If you listen closely to San Francisco Bay — in the right place, and with the right equipment — you can hear its heartbeat. And it sounds like the crackling and popping of a campfire.
Some of us at San Francisco State University’s Estuary & Ocean Science Center are listening to that pulse, created by thousands of snapping shrimp, as a way to monitor the health of the Bay.
Snapping shrimp (in the family Alpheidae) have specialized claws that they use to stun prey, defend territory and communicate with each other. During these interactions, the shrimp’s claw shuts rapidly, producing a small bubble that collapses violently with a snapping sound. That snap lasts less than a thousandth of a second, but it’s so loud that when the shrimp are abundant or very active, they can even interfere with ships sonar. In terms of natural noise in the ocean, these shrimps’ snap is second in loudness only to the echolocation clicks of sperm whales, even though the crustaceans grow to only two inches long.
In many different shallow-water habitats where snapping shrimp are present, the number of shrimp pulses detected per minute, or pulse rate, is strongly influenced by environmental conditions. Some research indicates that water temperature, water quality, and habitat quality can all affect the pulse. That means that listening in on these shrimp could be a way to measure the health of the Bay over time, monitoring habitat conditions, the impact of human activities and the effects of climate change, in a way that’s cheaper and less invasive than other techniques.
But first, we need knowledge of how the shrimps’ snaps vary over days and seasons. Making those baseline measurements is the overarching goal of my research with San Francisco State University Assistant Professor of Earth and Climate Sciences Piero Mazzini.
The Bay is a unique and dynamic body of water with lots of oceanographic variability that could affect the shrimp’s behavior. Within a single day, the water temperature can change four to nine degrees Fahrenheit with the tides. I see high tide as the Bay’s tidal in-breath, where the Bay breathes in colder, saltier ocean water. With the Bay’s tidal out-breath, the influence of river water becomes dominant, warming the Bay. In our preliminary data, we can track the behavior of shrimp very closely with each tide and its corresponding temperature change. Like a heartbeat with a large and small peak, the snapping behavior peaks twice every day, at low tide.
The pulse changes with the seasons, too. A shrimp’s metabolism is intimately linked to its environment — so SF Bay’s 18-degree annual cycle in average water temperature makes for more abundant pulses in the summer and sparser pulses in the winter.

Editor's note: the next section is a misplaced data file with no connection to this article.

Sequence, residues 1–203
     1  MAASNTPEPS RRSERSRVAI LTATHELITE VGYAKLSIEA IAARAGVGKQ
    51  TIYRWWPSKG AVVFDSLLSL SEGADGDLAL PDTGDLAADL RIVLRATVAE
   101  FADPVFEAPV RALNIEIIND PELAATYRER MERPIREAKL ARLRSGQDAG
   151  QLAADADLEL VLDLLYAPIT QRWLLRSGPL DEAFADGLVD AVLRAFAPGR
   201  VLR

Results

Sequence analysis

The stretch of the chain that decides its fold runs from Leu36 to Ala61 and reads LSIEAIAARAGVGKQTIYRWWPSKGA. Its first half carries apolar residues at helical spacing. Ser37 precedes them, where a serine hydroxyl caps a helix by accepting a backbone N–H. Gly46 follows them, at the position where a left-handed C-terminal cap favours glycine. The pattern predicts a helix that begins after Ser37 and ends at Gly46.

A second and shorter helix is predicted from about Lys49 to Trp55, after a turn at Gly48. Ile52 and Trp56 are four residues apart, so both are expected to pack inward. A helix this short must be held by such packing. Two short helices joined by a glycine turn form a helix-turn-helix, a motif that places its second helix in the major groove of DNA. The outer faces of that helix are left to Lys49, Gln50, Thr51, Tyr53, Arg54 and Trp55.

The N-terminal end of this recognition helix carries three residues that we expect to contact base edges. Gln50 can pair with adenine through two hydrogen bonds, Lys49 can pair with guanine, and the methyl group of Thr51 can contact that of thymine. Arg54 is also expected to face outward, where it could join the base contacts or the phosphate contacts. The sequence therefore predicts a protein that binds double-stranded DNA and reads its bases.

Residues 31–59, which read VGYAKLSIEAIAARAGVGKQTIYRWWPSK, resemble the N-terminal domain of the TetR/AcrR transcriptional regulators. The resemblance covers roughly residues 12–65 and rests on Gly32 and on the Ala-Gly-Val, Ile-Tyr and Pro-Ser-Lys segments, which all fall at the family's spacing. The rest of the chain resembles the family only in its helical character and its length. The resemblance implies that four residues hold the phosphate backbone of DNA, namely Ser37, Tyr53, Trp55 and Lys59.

But in a crowded place like the Bay, it’s not always easy to make out its heartbeat. I’ve been working with Roger Bland, a recently retired professor in SF State’s Department of Physics & Astronomy who has continuously recorded underwater sound from the EOS Center’s pier in Tiburon since 2006. For this snapping shrimp project, Bland has deployed a hydrophone (an underwater microphone) to record sounds much higher-pitched than boat noise. Bland has also designed an algorithm that can hunt out snapping shrimp pulses within the sound files we capture while ignoring similar sounds produced by boat propellers. We’re also planning to listen to snapping shrimp pulses at Pier 15 in San Francisco at the Exploratorium museum.
We chose snapping shrimp for this project because their acoustic behavior has been studied vigorously in many different habitats, and snapping shrimp are detectable year-round in at least two sites within the Bay. But surprisingly, very little is known about our local snapping shrimp. This summer, when the shrimp are loudest, I plan to capture snapping shrimp to determine which species are present in the Bay. It may be that our resident shrimp are the same species present near Bodega Bay or in Cordell Bank just north of us. Or it might be that some of the SF Bay’s shrimp hitched a boat ride from other parts of the Pacific.
And there are many possibilities for future research with the snapping shrimp. Measuring their pulse year-to-year could help us track how underwater habitats are affected by sea level rise and climate change, or simply by year-to-year changes in weather like this past wet winter.
Research projects like this one help us to eavesdrop on the interactions of our underwater neighbors and to appreciate the richness of our natural soundscapes, which for the most part are hidden or drowned out by human noise that we introduce to the Bay. If you’d like to help us by providing your own underwater recordings of the Bay, you can email me at firstname.lastname@example.org.
George Czeck is a student researcher and National Science Foundation Research Traineeship fellow in Dr. Piero Mazzini’s Coastal Oceanography Lab at San Francisco State Univeristy’s EOS Center. This column is one of an occasional series about the bay and sea around us through the eyes of researchers at SFState’s Estuary and Ocean Science Center.